In Hilo, a modest crowd attended a state Department of Land and Natural Resources public hearing on proposed conservation district rule amendments.
This was the second round of hearings held by the DLNR Office of Conservation and Coastal Lands. The office is hoping to modify, delete or add to the current administrative rules, hoping the changes would improve work efficiency.
Administrator Samuel J. Lemmo went over some of the changes before taking public comment, which contained changes to things like more flexible accessory use, new shoreline setbacks, and allowable cabin size.
But one proposed rule change got the attention of Puna resident Syd Singer. The DLNR is looking to define the term “invasive species” … a topic Singer has devoted himself to… and the rule changes would even drop requirements for certain permits, environmental assessments or public oversight for invasive species eradication in conservation zones.
In his testimony, Singer often made reference to the eradication of mangroves along the Puna coast, which was carried out – without any environmental assessment – by environmental group Malama o Puna.
Rene Siracusa defended her organization when she gave her own testimony. She also said she supports the proposed rule changes when it comes to invasive species eradication.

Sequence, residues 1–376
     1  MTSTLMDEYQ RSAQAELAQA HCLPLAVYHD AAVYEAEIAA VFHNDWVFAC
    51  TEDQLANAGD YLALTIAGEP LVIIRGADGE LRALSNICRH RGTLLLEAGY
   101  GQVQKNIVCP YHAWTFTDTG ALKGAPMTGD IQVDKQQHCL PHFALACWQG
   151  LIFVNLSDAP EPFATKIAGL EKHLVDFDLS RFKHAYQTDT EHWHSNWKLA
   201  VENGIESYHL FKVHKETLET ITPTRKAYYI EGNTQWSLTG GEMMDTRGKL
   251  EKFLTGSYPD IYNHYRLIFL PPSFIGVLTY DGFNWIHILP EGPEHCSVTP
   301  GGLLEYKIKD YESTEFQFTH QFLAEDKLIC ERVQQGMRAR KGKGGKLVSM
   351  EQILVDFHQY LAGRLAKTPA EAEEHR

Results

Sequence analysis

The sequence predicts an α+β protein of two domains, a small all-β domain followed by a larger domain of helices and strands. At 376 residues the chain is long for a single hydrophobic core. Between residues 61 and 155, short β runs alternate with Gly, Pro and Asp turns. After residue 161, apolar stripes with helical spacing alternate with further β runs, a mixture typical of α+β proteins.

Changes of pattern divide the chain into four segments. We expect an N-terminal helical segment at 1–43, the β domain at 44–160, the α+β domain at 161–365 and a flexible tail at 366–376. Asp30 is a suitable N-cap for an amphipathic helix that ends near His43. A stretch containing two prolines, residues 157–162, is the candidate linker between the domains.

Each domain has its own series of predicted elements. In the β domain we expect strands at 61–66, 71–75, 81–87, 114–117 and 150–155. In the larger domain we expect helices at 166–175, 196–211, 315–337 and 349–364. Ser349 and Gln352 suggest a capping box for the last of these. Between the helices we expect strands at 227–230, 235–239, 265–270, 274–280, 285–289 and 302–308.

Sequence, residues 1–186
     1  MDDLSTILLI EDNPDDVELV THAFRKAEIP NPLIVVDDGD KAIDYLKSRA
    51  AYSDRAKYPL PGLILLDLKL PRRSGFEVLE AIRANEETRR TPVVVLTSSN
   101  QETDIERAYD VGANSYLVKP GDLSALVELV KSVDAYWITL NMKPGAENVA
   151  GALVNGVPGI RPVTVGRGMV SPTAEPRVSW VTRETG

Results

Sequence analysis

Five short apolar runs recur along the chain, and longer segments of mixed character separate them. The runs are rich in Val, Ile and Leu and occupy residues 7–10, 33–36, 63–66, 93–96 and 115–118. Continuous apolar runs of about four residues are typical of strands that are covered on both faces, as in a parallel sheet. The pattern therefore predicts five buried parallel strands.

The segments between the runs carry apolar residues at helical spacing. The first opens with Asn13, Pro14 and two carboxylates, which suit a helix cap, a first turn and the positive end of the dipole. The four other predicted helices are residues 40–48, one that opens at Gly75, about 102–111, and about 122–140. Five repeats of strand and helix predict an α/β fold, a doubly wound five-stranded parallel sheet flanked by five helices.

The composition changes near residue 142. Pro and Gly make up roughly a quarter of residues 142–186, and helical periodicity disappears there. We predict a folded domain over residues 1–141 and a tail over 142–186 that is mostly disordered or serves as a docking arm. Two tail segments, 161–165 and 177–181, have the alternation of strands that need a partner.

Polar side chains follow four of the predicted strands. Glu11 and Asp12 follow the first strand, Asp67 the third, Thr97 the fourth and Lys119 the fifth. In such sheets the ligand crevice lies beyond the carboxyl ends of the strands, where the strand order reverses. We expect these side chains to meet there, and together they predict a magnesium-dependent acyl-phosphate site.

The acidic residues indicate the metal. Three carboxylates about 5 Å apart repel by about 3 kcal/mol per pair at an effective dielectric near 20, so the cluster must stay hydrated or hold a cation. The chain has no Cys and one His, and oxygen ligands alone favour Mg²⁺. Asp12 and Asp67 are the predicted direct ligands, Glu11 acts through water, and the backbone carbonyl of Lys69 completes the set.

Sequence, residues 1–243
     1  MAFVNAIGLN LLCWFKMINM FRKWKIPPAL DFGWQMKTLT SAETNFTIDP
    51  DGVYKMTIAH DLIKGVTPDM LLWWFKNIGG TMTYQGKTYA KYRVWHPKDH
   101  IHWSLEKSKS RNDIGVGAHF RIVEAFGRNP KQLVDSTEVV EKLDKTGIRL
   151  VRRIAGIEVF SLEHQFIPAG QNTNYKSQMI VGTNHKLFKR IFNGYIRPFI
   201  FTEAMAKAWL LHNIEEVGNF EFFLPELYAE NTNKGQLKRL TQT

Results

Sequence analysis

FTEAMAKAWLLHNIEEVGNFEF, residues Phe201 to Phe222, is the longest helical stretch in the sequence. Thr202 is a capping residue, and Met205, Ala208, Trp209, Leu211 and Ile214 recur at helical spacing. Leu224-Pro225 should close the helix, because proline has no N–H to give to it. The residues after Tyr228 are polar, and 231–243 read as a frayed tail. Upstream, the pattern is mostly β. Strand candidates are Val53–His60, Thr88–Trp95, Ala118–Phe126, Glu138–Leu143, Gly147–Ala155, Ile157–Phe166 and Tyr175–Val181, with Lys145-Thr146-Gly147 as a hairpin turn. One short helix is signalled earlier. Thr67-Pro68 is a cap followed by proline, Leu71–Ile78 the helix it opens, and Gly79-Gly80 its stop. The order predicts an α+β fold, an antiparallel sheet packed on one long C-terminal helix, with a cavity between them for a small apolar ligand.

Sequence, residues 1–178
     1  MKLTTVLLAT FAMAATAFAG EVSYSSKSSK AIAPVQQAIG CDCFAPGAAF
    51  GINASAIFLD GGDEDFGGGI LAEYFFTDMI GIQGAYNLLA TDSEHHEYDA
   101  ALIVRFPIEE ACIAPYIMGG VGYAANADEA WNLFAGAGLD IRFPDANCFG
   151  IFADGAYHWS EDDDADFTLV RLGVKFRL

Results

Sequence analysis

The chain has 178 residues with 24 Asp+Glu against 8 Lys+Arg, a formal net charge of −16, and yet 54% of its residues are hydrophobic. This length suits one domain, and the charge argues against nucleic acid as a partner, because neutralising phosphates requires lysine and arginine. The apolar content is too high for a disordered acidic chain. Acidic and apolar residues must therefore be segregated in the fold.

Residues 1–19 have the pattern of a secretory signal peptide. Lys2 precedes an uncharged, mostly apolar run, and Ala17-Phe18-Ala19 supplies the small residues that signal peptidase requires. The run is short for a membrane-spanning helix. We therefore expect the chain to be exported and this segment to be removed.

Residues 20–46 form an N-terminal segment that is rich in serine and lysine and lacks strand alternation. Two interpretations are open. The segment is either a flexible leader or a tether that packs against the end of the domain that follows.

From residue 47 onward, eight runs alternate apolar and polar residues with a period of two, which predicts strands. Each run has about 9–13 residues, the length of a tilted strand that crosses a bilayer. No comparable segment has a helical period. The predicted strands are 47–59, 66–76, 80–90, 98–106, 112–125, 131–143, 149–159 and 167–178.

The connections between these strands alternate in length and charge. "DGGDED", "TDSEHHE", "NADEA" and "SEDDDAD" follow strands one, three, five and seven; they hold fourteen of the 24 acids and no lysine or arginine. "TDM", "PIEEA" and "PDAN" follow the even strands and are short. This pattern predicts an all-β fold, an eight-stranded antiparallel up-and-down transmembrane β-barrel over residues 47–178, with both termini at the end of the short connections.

The new rules also loosen the bureaucracy on ungulate control and fence building, which raises the ire of local hunter Tony Sylvester.
The DLNR Office of Conservation and Coastal Lands is responsible for overseeing approximately 2 million acres of private and public lands that lie within the conservation district.
Meanwhile, the DLNR Division of Forestry and Wildlife reopened Mauna Kea Forest Reserve, Pu‘u Wa‘awa‘a Forest Reserve, Kaohe Game Management Area and Pu‘u Anahulu Game Management Area to normal public activities.
The lands had been closed for about 7 months due to the extreme fire danger brought on by the severe drought of 2010. That closure was extended three times.
The DLNR says that although normal public activities may resume, such as hunting, hiking, bird watching, off road vehicle use (ATV, motorcycle, OHV, etc.) and commercial activities, everyone is reminded to still be cautious and take precautions to prevent wildfire in these areas.